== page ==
PH still saddled with IPR issues, says US agency
The Philippines remains on the US watch list of countries with “underlying IPR (intellectual property rights) problems,” according to a US Trade Representative (USTR) report.
The problems are said to include unauthorized camcording of motion pictures in theaters and Internet piracy.
USTR is the agency responsible for developing and coordinating US international trade, commodities and direct investment policies.
The Philippines already promulgated specialized IPR procedural rules that were designed to improve judicial efficiency in IPR cases, the USTR said in its report.
But the United States still expects the Philippines to address piracy over the Internet, “with respect to notorious online markets,” the report said.
The Philippines just got off the US list of “notorious markets” for pirated products in December 2012. The Intellectual Property Office of the Philippines said that the Philippines should have been off the watch list earlier. But every year, the US would change the IPR requirements. As a result, the Philippines got to address issues that no longer counted in the succeeding review periods of the US trade agency.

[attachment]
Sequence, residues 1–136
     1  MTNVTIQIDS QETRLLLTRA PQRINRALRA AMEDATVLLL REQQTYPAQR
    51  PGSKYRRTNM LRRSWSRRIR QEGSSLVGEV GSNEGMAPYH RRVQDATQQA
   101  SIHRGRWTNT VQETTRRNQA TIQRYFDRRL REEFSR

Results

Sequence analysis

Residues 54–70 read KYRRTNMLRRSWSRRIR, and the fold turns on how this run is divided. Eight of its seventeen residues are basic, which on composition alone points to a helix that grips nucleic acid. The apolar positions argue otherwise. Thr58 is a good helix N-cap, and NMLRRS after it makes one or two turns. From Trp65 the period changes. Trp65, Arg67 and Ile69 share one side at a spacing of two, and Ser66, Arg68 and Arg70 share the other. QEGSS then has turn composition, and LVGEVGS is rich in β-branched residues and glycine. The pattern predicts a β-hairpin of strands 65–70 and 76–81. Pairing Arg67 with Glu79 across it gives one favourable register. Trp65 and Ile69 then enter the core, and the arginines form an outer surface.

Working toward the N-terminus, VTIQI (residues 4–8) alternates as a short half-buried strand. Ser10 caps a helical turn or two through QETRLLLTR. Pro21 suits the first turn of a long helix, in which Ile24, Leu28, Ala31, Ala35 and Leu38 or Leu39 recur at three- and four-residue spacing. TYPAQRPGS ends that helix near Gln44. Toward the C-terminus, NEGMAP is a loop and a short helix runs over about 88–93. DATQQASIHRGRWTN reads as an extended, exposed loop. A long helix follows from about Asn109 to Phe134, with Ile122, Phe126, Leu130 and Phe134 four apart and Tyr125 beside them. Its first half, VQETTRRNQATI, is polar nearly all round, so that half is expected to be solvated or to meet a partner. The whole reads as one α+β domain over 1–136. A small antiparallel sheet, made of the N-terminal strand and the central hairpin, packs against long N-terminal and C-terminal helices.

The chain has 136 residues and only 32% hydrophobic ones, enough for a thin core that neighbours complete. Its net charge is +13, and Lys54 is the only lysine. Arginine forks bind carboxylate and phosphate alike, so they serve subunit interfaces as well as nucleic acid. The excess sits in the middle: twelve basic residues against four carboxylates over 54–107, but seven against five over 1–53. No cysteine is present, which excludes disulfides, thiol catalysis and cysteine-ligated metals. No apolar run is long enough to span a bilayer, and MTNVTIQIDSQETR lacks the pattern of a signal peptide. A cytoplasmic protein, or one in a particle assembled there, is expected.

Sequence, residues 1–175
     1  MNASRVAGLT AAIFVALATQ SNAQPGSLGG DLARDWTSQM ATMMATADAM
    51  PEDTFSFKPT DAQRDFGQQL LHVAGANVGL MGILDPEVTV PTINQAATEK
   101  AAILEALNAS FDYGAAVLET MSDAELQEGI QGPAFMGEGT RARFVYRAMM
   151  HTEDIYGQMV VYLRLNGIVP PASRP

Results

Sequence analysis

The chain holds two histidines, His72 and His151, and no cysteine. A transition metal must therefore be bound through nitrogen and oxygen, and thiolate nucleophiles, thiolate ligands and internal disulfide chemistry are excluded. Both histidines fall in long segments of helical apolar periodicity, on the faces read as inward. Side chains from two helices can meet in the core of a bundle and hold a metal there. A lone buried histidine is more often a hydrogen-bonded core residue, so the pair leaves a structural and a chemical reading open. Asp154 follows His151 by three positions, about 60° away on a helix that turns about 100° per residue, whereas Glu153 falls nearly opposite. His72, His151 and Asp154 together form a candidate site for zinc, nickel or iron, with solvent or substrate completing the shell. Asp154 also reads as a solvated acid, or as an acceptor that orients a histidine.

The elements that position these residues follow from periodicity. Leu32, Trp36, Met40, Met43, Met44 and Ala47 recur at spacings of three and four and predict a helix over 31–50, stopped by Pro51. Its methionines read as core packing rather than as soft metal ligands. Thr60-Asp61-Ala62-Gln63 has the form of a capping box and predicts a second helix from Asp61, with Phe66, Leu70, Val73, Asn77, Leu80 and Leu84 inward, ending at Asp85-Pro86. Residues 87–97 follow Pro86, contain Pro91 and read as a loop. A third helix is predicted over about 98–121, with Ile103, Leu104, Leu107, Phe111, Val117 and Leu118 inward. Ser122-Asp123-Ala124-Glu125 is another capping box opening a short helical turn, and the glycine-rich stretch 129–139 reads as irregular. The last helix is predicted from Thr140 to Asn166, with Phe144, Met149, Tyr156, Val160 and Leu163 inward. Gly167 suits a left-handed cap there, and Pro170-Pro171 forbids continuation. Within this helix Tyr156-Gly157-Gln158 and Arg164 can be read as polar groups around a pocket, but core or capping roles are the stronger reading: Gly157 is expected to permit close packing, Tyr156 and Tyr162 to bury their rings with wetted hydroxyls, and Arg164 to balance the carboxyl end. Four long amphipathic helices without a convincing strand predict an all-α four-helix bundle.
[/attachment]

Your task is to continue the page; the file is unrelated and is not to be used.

Ricardo R. Blancaflor, director-general of the Philippine Intellectual Property Office, said that “just like in the past, vigorous efforts have been made to address enforcement of IPR by the law enforcement agencies of the country. Even the 2013 Report recognizes the efforts of the Philippine government. So, we cannot understand why we have been retained on the ordinary watch list.”
In an emailed statement, Blancaflor also said the USTR appeared to have no intention of removing the Philippines from the watch list.
He added that, with the Philippines still on the list, he hopes that local law enforcement agencies “will not be discouraged … and will work harder in fighting piracy and counterfeiting.”
In the same report, USTR also cited a “significant decline” in the incidence of unauthorized camcording of motion pictures in Philippine theaters following the enactment of the Anti-Camcording Act of 2010.
“Philippine officials also improved enforcement efforts, leading to the closure of at least two significant notorious markets. In addition, the Philippine Supreme Court promulgated long-awaited IPR procedural rules in 2011,” USTR said.
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